Football: Dana Holgorsen/Jeff Casteel Quotes
MORGANTOWN, W. Va. - West Virginia University football offensive coordinator Dana Holgorsen and defensive coordinator Jeff Casteel quotes from Saturday’s spring practice.
Offensive Coordinator Dana Holgorsen
On what you see three days in—likes and dislikes:
A lot of mistakes. The thing I like more than anything is the tempo and the effort that these guys are playing with. You can’t really tell until you get them out here and actually play, but for the most part the effort has been really good and they’re a lot of tough guys.
On Paul Millard having a handle on the quarterback position, unlike most from high school:
Paul is a smart kid, and he played in an offense like this, so he understands a lot of the concepts, but we’re playing at a very fast rate. I’m force feeding him, but I’m force feeding Geno (Smith) too. They stare a hole through me sometimes, because they don’t get it, and that’s what they are supposed to do. If they get it they turn, and if they don’t get it they stare at me, and that bothers me at times. We’re teaching them and he does understand it.
On Geno Smith picking up the offense:
You can tell he’s played more and has experience. His body language is great, he bounces around and he’s a leader, but his head is cloudy too. As each practice goes on, they’re going to get it a little bit more. You can tell from even the beginning of practice to the end of practice that they work at a little better rate.
The list of what’s important for a quarterback:
I don’t care about arm strength, that’s about No. 9 on the list. Intelligence, football knowledge, work ethic in the classroom and the film room, feet are good, quick release is good, having the ability to work and feel the pocket is good—all of that stuff is more important than true arm strength.
On what you’re seeing out of Tavon Austin and the development in this offense:
We’re not having anybody play two positions. I don’t even want anyone playing inside and outside receiver, because it defeats the purpose of being able to get your skills really good at what you’re doing. He is settled at inside receiver, and I think that’s where he belongs. We will get him good at that and try to get him good at being a return guy.
On Tyler Urban playing a bigger role in the offense this year:
He catches the ball well. Everybody, well it depends on where you’ve been, but everyone around here views slot receivers as the Tavon-kind of guys and the Jock Sanders-kind of guys, but I’ve used tight ends as slot receivers before. Body types don’t matter. It’s getting in the right spot and being able to catch the ball in traffic. Having the bigger bodies that can block linebackers is also very important.
On the offensive line and two guys out:
I have (paid attention to the offensive line) as a unit, not as a division. That is coach (Bill) Bedenbaugh’s job right now. We’ll sit there and discuss that as time goes on, but what I’ve noticed is these guys are targeted correctly up front. It doesn’t mean their technique is good, or they’re whipping anybody, but their targeted right. They are going where they are supposed to go and their communication has improved. We haven’t false started too much, which this is a new cadence from what they’re used to, so the fact that they’re sitting in there and being targeted right is step one. Now we have to get really good at what their technique is and try to whip somebody.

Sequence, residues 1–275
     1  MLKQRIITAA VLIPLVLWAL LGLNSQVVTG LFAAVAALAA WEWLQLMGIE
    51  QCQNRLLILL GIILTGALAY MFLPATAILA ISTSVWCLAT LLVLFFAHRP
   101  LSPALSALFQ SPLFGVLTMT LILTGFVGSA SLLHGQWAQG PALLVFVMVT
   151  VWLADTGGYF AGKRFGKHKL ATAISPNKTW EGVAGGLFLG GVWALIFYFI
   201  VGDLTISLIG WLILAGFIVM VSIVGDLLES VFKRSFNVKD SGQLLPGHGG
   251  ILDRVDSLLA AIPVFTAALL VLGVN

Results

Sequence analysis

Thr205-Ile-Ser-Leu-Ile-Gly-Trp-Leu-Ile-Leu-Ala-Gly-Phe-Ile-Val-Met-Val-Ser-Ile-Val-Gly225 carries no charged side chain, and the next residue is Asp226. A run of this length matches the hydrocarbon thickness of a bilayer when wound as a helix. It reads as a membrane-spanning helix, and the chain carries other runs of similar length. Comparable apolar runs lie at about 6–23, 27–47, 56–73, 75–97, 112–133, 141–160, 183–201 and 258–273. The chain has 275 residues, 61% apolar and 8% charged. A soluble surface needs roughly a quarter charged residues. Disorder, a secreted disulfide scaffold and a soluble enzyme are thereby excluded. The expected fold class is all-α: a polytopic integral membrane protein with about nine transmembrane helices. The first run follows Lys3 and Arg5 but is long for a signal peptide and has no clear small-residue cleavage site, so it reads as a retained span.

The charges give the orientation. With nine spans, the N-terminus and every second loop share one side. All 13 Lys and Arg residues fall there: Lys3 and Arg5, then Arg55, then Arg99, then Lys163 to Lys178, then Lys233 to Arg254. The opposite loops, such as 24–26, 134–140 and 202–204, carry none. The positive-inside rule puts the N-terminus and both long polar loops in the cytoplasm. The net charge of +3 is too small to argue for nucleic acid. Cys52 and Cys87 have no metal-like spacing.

On how this year is different from last year three days into spring practice:
The way we went on in here is the way we would’ve run things out there. We have a lot of young guys, so it’s the third day of teaching. The kids’ effort is good, they’re communicating well, and we’re where you usually are when it’s the third day of spring ball. Whether it be last year’s group, or the year before, it’s about the same. I think the kids are doing a good job.
On facing a new offensive system:
We teach from a different standpoint from what we’re seeing, whether it’s this year’s offense or last years. We start from a two back principle and teach from there. We’re not really concerned with what we’re facing, even though that gives the kids a little bit of an issue at times. We have a progression in our teaching that we’ve been doing for eight or nine years and we use that progression.
On team defense, not necessarily results of an individual play:
We’re teaching concepts and putting in the defense in steps with kids, so that’s all we’re concerned with. We want to make sure they are getting aligned properly, and want to make sure they are communicating properly. Those are the things we’re looking at and seeing how they’re playing downhill to people and covering the right route. We want to make sure we can execute the defense we have going.
On having such a young team:
We’re taking baby steps. We really haven’t changed our teaching and the way that we teach it, but maybe have to go a little slower in terms of the kids. You can say something to them, and they already know it and can move on to the next point, but some of these guys are still learning the basics. They are right where they should be at this point in the spring. We just have to keep trying to get better every day, and that’s what we’re trying to do. They have to get reps, see it—watch the film and get corrected on mistakes to move on.
On the play of linebacker Josh Francis:
He’s quick, and he’s an aggressive kid. He’s a thumper with great explosiveness. At times we may have to slow him down a bit, but he’s done some things in these first few days that we thought he was capable of.
On what you want some of the newcomers and freshmen to get out of spring ball:
I hope they understand the defense--that’s all we’re trying to do. We’re trying to get the kids to understand how to play, and how we want them to play.
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